Society has done a wonderful job in shaping how men should view themselves. Men are labeled in so many different ways these days, whether it’s trending or not, the story that many guys portray isn’t necessarily their own. Think of stereotypes or labels like; the toxic masculine, the metro, the sportsman or jock, the action hero, the buffoon, or the ‘strong silent type’. Many of these social narratives are placed heavily on men’s shoulders right from a young age. These labels are created to reinforce our expectations of men and how they should think and behave towards themselves towards women, with their children and other men.

If society says that men must think of themselves as untouchable and indestructible - then naturally men aren’t going to seek help when they really need it.

The stigma of reaching out for help is both internalized (there’s no way that I will admit that something is wrong) and externalized (he better not fall off his horse and crash). That is an incredibly powerful force in shaping our ideas about masculinity and how we think about ourselves.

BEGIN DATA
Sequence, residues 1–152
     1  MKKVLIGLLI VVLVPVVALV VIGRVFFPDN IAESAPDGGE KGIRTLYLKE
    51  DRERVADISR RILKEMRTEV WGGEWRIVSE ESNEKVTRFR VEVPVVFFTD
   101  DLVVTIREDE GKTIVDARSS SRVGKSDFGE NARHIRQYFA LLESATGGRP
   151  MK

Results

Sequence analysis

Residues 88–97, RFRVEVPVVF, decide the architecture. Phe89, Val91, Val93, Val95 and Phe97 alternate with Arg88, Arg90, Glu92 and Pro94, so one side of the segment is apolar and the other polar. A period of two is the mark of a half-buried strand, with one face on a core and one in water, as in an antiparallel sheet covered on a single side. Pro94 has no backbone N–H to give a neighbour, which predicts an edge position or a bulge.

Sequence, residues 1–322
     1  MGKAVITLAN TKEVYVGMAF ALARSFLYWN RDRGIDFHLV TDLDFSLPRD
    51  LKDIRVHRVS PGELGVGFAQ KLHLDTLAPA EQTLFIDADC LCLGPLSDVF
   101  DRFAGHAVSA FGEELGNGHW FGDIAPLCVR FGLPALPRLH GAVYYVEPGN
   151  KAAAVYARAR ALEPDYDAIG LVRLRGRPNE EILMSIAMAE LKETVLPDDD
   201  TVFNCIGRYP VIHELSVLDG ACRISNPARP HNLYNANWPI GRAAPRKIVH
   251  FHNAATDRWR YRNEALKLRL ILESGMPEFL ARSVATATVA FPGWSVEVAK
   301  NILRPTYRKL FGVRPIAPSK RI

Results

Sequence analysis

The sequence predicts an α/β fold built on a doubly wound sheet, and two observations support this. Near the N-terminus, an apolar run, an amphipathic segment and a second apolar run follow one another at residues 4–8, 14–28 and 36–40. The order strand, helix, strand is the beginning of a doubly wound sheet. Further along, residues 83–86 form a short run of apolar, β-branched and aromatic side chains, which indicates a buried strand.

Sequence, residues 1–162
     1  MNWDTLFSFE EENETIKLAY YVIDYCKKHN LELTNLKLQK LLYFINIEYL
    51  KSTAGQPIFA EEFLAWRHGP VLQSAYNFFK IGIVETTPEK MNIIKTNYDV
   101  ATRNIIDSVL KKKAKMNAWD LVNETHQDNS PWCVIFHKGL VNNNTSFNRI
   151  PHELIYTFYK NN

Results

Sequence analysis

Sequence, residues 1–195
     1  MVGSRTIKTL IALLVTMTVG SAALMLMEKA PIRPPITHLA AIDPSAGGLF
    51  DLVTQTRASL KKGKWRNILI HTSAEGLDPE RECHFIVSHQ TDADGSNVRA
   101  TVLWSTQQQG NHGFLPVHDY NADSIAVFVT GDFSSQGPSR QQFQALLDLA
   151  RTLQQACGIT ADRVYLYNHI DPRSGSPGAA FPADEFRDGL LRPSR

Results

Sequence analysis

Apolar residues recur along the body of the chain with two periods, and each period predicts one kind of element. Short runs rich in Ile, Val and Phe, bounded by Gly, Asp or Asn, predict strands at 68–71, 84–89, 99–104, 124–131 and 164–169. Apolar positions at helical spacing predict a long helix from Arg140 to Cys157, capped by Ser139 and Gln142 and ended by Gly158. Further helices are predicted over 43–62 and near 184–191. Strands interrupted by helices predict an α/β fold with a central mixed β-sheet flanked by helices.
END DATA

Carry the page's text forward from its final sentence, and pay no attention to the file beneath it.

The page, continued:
As a consequence, many men are never taught (or even expected) to be able to openly express themselves or experience their emotions.

When men are asked to ‘express themselves’ they come up short. Because they haven’t had any real training in this action, they don’t necessarily have the right type of vocabulary to communicate what’s really going on inside. Now, that’s real pressure. In many circumstances, this is viewed as avoidance or resistance and as a result some men are portrayed as ‘emotionally void’ or even just ‘bumbling idiots’. What’s important to recognize is that it’s not a situation of unwillingness but a simple lack of capability.